Drawing inspiration from the mundane, the everyday

Toshi Singh draws on the everyday movements, stories and scenery of both her home country, India, and local suburb, Mooroolbark. Pictures: MIKAYLA VAN LOON.

By Mikayla van Loon

Appreciating small, somewhat mundane moments in life for some might seem tedious but for Mooroolbark artist Toshi Singh it’s what brings her the greatest inspiration.

Having been selected by the Yarra Ranges Council Regional Exhibitions Program to hold her first exhibition at the Yarra Ranges Regional Museum, ‘The Everyday’ explores what that means across two cultures and countries.

“This is the work I have done in the past three to four years and my inspiration is like it says ‘everyday’, I like to find beauty in uneventful days and the people I meet, the places I travel to, and nature,” she said.

“For a lot of people their art is based on social issues and all of that, mine is not that. I like to find beauty in just the little things in life. Inspiration is everywhere, you just have to find it in the smallest of things.”

Originally from Bangalore in India, Singh moved to Australia to be with her husband just over four years ago and highlights the stories, moments and parts of society in both her home country and local suburban life in Mooroolbark.

“I’m still in the process of understanding what everyday means in this context because this is still very new to me,” she said.

“I just go around my area in Mooroolbark. It’s very diverse, you have people from all ethnicities.

“I collect a lot of references for myself. It’s not like I see someone and I just start painting them. I compose something in my head and then I try to show ‘this is how everyday looks to me’.”

Making the move to Melbourne just prior to the outbreak of Covid-19 around the world, Singh went back to India for what was meant to be a short time.

“I went to India for 20 days and then it was pandemic times and I couldn’t come back for a whole year,” she said.

It was during that time of lockdown that Singh said she completed a number of artworks, observing the streets of India and painting memories of her childhood.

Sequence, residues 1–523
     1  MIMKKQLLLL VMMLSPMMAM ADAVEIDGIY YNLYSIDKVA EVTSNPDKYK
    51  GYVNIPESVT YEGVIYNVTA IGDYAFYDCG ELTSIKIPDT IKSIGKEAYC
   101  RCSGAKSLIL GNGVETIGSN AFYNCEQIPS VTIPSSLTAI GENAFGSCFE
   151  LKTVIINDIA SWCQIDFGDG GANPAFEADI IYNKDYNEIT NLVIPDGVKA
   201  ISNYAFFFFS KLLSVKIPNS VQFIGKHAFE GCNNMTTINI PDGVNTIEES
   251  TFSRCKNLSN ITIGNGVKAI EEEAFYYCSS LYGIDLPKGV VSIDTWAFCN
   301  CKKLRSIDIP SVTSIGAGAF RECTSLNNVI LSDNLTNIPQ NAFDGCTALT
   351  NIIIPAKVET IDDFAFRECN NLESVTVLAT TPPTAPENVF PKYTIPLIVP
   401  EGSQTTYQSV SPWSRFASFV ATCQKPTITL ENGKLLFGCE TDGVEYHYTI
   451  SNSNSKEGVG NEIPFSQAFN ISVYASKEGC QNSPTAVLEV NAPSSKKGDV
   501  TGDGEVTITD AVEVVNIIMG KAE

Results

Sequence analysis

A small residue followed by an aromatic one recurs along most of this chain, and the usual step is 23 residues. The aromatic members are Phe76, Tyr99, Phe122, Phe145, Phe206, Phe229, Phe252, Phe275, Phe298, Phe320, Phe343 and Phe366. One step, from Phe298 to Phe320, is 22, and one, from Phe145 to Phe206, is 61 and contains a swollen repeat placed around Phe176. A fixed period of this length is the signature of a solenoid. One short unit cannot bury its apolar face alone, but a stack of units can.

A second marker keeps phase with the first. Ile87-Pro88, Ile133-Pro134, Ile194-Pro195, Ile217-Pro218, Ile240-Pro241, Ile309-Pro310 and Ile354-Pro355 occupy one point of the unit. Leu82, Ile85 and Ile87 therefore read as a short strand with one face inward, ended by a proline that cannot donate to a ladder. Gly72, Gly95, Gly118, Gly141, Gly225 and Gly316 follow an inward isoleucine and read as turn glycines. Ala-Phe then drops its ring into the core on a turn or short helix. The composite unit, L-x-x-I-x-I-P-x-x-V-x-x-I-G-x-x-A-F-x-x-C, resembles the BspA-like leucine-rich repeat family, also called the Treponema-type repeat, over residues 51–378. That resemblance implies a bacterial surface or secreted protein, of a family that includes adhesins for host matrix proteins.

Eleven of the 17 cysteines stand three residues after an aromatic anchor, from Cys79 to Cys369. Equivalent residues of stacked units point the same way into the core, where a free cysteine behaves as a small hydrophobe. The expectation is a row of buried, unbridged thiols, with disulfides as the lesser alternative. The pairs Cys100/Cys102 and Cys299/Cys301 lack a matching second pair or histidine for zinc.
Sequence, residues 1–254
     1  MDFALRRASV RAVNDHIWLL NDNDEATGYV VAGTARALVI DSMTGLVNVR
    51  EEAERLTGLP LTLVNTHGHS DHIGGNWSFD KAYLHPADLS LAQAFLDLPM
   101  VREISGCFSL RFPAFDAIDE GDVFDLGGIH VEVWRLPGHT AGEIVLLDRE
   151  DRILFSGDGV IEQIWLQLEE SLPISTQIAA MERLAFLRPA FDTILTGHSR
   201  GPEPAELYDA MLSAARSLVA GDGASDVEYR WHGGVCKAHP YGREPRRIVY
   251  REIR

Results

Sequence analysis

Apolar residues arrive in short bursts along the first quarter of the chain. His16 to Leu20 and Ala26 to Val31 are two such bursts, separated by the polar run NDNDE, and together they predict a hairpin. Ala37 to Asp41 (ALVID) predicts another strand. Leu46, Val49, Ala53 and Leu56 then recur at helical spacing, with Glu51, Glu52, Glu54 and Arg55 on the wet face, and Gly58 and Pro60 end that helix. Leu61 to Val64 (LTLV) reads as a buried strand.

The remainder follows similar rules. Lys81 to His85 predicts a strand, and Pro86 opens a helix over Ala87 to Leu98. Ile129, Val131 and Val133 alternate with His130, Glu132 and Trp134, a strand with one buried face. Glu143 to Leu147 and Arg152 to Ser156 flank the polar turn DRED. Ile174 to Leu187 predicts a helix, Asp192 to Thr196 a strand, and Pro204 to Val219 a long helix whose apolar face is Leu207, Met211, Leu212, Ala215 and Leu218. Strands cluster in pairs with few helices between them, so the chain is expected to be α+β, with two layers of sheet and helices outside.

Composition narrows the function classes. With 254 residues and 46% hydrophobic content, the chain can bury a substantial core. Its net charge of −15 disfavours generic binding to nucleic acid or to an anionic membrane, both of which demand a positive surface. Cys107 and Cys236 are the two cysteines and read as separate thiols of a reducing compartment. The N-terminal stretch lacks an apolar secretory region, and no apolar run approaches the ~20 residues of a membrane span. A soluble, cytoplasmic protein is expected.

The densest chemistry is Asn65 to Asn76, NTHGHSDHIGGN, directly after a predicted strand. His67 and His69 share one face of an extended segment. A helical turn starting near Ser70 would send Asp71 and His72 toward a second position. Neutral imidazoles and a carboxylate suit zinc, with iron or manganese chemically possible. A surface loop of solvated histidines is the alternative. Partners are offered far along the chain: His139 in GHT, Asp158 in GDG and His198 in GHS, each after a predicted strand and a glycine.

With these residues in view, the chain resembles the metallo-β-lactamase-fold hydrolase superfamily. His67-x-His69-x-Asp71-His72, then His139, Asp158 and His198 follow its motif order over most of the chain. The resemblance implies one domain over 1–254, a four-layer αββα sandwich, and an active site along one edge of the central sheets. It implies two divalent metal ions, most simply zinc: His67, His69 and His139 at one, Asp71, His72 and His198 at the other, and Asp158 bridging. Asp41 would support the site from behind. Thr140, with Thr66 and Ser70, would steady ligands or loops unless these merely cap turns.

“My art isn’t just the things I see, it’s also some of my childhood moments that I don’t have a photograph of but it’s very close to my heart.”

One in particular depicts her grandmother cooking for a special festival where her family would gather together.

For Singh it’s the smaller details that matter most, like the rattan cart, the clay-based wood stove and the red dot called bindi that married women wear on their forehead.

“These little details are very important for me to show in my work because that’s what evokes nostalgia.”

Singh’s artworks also show the hustle and bustle of markets, as well as the street corner shops that appear everywhere.

“We are all tea drinkers and tea as in Chai. Every corner of the street, every nook and cranny you’ll find a Chai stall and it’s not a fancy cafe sort of place, they’ll just sit on the road side and make fresh tea.

“We have a lot of street dogs. So there’ll be one under the bench or just waiting for a biscuit. So all these little things coming together is very important for me.

“I could have not done the dog at all but I feel like it would have taken away from it because if it’s a street scene you will find dogs there.”

Inspired by India’s love of colour, Singh’s use of watercolour and gouache brings a vibrancy to her artworks, making them burst with cultural and personal stories.

Having always loved to draw and putting her skills into practice becoming an architect, Singh said she never imagined she would have her own art exhibition.

“I always loved to draw even as a child. I used to draw a lot and my parents used to encourage me but nobody encourages you enough to take it up as a career.

“But I ended up doing this anyway. So everything led to this which is very interesting. I never thought that this would happen.”

And despite the ups and downs of the last four years, Singh said they have been incredibly creative.

“2021 when I finally was able to come back to Australia, that was the time when I was pregnant and then 2022 it was just parenthood, we were struggling because we don’t have many family or friends.

“It’s 2023 now so we are still parents and struggling but these four years have been very fulfilling and these have been the most creative years of my life.”

See ‘The Everyday’ upstairs in The Chambers gallery at the Yarra Ranges Regional Museum, located 35-37 Castella Street Lilydale until 3 December.

The gallery is open Wednesday to Sunday 12pm-4pm.